Think about the Hong Kong star ferries that cross Victoria Bay. They have two engines, one at each end so they can go backwards and forwards without needing to turn around. The chairs have backs that flip from back to front and two decks. So the upper and lower deck fill at once. The second the ferry arrives someone is tying it up and the walkways descend from the boat.
    The second the last passenger is off the new passengers can get on.
    Turnaround time about two minutes for 500 passengers.

  4. Look at the headlines over the last couple of weeks;-

    Dart announces a second hotel.
    Hyatt to be redeveloped
    New Hotel and Road for Bodden Town

    In addition to the room capacity of the new Kimpton, there is clearly going to be an influx of new stayover tourists. The question is if the strategy is there to cope?

    Many stayover tourists are already adversely affected by the cruise ships and there will soon be a point at which decisions have to be made as to where the money will yield the best experience for the visitors, it has already been shown that the lesser numbers of stayover visitors contribute 3x more to the local economy than the cruise visitors so it is important that we concentrate efforts on improving their experience.

    Someone will have to decide if Cruise OR Stayover is the future of the Island, because ultimately the answer cannot be ‘We Want BOTH to Double’

  5. While I think that the idea should at least be looked at for an engineering perspective. I don’t think Cayman need to be to spend another 200 Million dollars on anything. It’s already going to cost more than 100 Million to fix the GT Dump if it even happens and then the rising pension dept. which appears to be in the millions. When is all the spending going to stop.

    Why not just build on the idea of the tender and make it a better experience for cruise passengers. Or even get a smaller vessel that could dock with the ship and have multiple smaller vessels attach to it that could take folks to other locations then just Georgetown.

  6. Andy makes a great deal on sense in what he’s pointing out. I personally think Cayman will need both in order to pay all its bills and retain that TAX FREE status. However I don’t think they need to spend 200 Million dollars on a pier when there’s already plenty of Cruise Tourists coming. They just need to improve on and streamline the tendering process. Most stay over tourists don’t hang in George town anyway so that area just needs to be focused on the Cruise Ship visitors which happens to be their life line anyway. Pedestrianize it and make it more greener so people that visit on ships will want to come back and stay over. Put some more focus on things to do for the stay over tourists like making it safer to walk the streets and beaches in the evening. And for god’s sake do something about that Dump, I was really looking forward to Dart turning it into a huge public Green space like he offered. The walking and bike trails he promised would have been great for that area..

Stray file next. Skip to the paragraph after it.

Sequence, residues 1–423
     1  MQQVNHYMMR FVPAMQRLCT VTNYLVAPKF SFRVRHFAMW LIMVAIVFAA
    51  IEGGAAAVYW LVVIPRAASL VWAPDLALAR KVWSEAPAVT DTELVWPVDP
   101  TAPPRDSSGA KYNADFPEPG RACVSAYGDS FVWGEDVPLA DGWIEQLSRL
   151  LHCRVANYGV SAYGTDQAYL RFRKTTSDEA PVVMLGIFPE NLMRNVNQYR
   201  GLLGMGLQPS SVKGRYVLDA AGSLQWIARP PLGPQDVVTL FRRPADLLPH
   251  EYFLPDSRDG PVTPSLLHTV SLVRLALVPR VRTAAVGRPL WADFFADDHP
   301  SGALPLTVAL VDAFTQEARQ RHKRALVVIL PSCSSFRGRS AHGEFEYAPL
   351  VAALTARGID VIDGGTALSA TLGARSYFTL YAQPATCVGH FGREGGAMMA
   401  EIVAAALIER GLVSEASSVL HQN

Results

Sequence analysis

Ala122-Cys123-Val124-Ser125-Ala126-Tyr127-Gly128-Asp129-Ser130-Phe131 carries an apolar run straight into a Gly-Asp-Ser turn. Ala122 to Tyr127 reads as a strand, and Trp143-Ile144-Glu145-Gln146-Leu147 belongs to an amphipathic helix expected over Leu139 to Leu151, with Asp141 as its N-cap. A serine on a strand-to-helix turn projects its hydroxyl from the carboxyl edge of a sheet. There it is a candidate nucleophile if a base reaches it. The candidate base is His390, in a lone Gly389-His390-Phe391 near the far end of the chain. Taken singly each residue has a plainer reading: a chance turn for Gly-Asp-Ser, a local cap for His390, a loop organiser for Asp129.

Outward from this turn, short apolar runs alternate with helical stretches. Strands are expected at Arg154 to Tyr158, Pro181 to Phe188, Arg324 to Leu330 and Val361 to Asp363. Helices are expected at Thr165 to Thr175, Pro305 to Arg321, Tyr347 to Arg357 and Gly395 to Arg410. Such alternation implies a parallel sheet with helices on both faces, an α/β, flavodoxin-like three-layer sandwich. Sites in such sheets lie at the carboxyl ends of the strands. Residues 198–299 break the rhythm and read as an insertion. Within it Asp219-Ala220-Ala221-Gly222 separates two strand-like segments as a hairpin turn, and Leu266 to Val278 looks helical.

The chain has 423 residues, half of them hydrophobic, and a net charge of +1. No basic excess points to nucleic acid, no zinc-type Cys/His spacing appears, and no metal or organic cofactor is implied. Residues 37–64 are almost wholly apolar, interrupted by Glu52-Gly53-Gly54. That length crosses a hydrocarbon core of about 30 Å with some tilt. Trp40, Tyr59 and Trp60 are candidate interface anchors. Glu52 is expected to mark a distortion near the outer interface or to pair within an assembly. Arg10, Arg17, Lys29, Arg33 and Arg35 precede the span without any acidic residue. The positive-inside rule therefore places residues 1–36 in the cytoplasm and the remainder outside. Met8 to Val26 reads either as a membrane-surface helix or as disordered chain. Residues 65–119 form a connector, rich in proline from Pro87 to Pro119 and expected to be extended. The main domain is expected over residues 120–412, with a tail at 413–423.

7. Georgetown is depressing. Businesses have closed. The airport is outdated, passengers are stuffed like sardines into the holding tank, that is the waiting area. Food and beverage there, is one counter of questionably looking food, prices that gouge and no other choices. The island, if is is attracting hoteliers to build first quality facilities, will need an airport that welcomes the tourists. As far as docks are concerned, they as with the airport discussions have been that, DISCUSSIONS, and little else. If Cayman is to compete in the tourism business, it can’t rest on it’s laurels. Development and improvement is the only way cayman will remain a tourist destination.

  8. Have the Dutch engineers conducted a study of the sort of seas generated in GT Harbour in a real NorWester let alone a hurricane of Category 3 or above. It seems inconceivable that a structure with any required flexibly in it’s construction could possibly remain intact when subjected to sustained battering waves – unless it was itself protected by an outlying breakwater. And such a breakwater would undoubtedly be completely impractical.

  9. To people who would dismiss the idea of the floating berthing facility, due to rough weather..they are retractable.

    So, when bad weather is coming and when they are not needed they can be retracted and stored, thereby protecting them and our investment in them.

    They have far less impact on the environment and are far less expensive than what is currently being touted. They also take less time to install.

    What is the down side again?

  10. Nickola
    They are retractable?
    You’re not talking about rolling up an inflatable guest bed and stuffing it under the sofa.

    To carry the weight of all these passengers at once and bearing in mind the length needed, these things are going to be enormous.

    How on earth can they be retracted and stored? And where would you put them?

    Sorry but the whole thing is a non-starter and just wishful thinking.

Comments are closed.